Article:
Gamma-Secretase Dependent Gene Expression: a Potential New Focus of Alzheimer's Disease Research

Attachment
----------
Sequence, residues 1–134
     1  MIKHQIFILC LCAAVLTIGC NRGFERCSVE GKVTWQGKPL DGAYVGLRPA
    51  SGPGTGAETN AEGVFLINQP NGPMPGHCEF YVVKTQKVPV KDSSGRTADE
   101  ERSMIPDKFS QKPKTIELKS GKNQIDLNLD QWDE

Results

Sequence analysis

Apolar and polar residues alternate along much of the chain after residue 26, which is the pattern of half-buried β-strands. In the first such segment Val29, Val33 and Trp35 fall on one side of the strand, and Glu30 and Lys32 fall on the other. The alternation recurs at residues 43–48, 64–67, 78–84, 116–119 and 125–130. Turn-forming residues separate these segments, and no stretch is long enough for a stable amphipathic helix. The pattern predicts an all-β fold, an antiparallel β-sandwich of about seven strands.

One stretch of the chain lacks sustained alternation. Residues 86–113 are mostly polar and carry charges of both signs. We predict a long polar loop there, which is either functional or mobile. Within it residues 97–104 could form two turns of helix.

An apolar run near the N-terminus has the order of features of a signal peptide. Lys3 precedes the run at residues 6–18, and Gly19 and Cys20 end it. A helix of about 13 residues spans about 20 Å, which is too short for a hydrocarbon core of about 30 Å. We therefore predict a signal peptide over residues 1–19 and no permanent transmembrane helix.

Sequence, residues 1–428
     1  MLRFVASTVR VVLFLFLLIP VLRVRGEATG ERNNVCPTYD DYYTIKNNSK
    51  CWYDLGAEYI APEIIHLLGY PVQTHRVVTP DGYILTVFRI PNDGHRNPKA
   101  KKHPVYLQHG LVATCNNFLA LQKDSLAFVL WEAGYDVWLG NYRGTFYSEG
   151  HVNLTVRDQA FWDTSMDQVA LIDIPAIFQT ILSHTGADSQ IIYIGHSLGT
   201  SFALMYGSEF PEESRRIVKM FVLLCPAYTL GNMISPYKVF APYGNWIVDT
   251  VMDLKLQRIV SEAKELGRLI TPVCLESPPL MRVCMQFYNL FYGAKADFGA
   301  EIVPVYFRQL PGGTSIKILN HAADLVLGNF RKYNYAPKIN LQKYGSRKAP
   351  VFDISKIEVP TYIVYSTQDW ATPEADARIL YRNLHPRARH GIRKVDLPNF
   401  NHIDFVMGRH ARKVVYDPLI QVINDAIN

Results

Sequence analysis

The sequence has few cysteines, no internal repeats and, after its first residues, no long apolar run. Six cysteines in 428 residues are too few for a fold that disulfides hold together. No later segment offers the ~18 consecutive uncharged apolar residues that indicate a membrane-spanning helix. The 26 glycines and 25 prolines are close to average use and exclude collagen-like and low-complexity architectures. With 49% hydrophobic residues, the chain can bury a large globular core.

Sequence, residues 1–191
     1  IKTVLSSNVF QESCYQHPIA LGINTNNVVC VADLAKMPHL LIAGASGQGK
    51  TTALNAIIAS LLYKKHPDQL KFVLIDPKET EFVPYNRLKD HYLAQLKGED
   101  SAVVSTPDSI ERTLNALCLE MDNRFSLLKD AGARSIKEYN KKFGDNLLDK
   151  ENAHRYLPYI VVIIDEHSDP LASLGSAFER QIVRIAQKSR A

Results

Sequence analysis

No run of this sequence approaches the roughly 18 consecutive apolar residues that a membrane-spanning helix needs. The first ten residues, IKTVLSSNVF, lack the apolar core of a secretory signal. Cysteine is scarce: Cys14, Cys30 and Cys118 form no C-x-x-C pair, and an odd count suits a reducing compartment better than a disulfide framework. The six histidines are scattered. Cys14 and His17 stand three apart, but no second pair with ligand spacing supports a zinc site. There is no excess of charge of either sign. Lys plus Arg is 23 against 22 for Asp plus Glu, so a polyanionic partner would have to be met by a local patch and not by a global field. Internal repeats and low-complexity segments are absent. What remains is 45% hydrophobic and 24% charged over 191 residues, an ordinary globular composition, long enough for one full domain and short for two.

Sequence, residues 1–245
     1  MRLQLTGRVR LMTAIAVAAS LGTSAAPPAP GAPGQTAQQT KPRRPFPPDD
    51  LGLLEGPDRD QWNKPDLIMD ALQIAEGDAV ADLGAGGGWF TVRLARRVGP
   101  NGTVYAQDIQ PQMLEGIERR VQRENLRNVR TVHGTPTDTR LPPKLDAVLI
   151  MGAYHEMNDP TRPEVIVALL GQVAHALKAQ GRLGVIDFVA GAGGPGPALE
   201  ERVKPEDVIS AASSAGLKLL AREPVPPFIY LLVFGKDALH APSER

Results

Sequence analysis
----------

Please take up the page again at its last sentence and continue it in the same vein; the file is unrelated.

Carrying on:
The causes of sporadic Alzheimer's Disease (AD), the most common form of dementia at old age, are still unknown. Familial early onset AD (FAD) is mainly caused by mutations of Presenilins (PS), the active subunits of γ-secretase. Processing of its substrate proteins by γ-secretase generates shorter fragments. In the case of the Amyloid Precursor Protein (APP) these are Aβ species, of which the ratio of Aβ40, which is 40 amino acids (aa) long and Aβ42, 42 aa in length respectively, has been connected with their aggregation and AD plaque formation. Another cleavage product of many γ-secretase substrate proteins are intracellular domains (ICDs), which enter the nucleus and alter gene transcription. Be it via statins, the levels of cAMP, the generation of which is also catalyzed by cilia specific Adenylyl-cyclase III (ACIII) or Wnt pathways, cilia can be connected with various AD relevant proteins, pathways and functions, but their physiological and thus pathological cerebral roles are not understood. We hypothesized that γ-secretase activity alterations impact transcription levels of specific genes and potentially signaling and functional pathways as well as cilia genes in ways relevant to AD. We determined the transcriptional impact of enhanced γ-secretase activity in Chinese hamster ovary (CHO) cells with a cDNA microarray experiment. Gene ontology cluster analysis of the 1981 genes reported by our microarray gave insights into functional groups represented. Matching of known physical protein-protein interactions as reported by the string 8.0 database for 21 genes, which were confirmed to be transcriptionally altered with γ-secretase activity, registered various members of three different Wnt pathways. Consistent with an hypothesized role of cilia, the array also reported two dozen of cilia-related genes. The most decreased transcript levels were of Anti-mitotic exit network homolog 1 (AMN1), a gene of predicted expression in the cilia of sensory olfactory neurons and for which protein data was available in yeast only. Our immunohistochemistry results confirm Amn1 protein expression in mammalian cells, specifically in murine and human brains. We showed that Amn1 protein is localized in cortical neurons and in sharply outlined intracellular structures close to motile cilia and the opposing cell pole of monocilia. Aged APPPS1 transgenic mice, which over express human APP and PS1 with FAD mutations, did neither show differences in lateral ventricular cilia range, cilia density, the percentage of ciliated hippocampal neurons nor ACIII protein levels. Consistently with previous reports of increased cAMP levels in the cerebrospinal fluid of AD patients, we detected significantly increased levels of ACIII protein in human AD cortex samples (AD n=11, non demented n=12). These results support a new focus on the role of cilia-related proteins in AD. They also suggest some limitations of the APPPS1 transgenic animal model. In recent years the impact and role of cilia-related proteins in various neurodegenerative diseases was demonstrated. This PhD thesis provides evidence that AD should be included in the list of neurodegenerative diseases which are being investigated for the impact and role of cilia-related proteins in their pathologies.


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